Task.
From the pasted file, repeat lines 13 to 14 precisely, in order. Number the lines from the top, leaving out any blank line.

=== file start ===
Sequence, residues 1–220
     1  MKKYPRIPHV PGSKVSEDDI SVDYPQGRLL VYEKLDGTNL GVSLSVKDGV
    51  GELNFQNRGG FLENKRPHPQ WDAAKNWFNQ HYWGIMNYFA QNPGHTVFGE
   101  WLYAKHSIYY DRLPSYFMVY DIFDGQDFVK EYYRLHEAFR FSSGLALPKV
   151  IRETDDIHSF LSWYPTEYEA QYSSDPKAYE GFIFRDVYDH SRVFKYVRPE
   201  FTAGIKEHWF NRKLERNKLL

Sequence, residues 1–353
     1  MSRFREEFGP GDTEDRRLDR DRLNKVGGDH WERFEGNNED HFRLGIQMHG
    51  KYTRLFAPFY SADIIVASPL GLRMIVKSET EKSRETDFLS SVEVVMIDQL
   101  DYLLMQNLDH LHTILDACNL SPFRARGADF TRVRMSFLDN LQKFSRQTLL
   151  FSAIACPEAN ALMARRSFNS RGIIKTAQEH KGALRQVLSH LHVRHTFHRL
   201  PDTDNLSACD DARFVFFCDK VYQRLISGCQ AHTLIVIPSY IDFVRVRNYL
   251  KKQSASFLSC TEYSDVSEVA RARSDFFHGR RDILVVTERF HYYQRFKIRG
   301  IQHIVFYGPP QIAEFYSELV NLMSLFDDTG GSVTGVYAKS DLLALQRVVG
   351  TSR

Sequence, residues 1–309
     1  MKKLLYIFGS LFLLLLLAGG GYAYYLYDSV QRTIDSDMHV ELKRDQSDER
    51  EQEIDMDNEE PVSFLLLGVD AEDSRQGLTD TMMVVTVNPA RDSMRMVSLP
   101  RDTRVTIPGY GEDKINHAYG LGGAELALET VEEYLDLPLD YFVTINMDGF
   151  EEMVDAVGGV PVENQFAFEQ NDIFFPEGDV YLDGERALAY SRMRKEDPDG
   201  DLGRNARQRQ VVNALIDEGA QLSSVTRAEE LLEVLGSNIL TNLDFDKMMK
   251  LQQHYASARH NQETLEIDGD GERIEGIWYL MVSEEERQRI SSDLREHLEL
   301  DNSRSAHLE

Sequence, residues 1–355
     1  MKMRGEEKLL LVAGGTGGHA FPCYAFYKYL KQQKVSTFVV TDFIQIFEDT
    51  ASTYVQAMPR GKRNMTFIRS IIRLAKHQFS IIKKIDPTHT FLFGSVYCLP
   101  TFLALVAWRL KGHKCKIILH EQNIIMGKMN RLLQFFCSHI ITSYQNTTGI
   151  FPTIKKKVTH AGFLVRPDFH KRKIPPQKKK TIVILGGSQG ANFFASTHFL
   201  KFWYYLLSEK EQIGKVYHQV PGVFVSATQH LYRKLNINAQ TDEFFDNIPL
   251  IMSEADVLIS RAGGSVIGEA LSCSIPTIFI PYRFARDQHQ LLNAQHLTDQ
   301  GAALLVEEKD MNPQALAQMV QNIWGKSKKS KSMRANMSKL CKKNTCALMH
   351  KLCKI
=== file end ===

   251  KKQSASFLSC TEYSDVSEVA RARSDFFHGR RDILVVTERF HYYQRFKIRG
   301  IQHIVFYGPP QIAEFYSELV NLMSLFDDTG GSVTGVYAKS DLLALQRVVG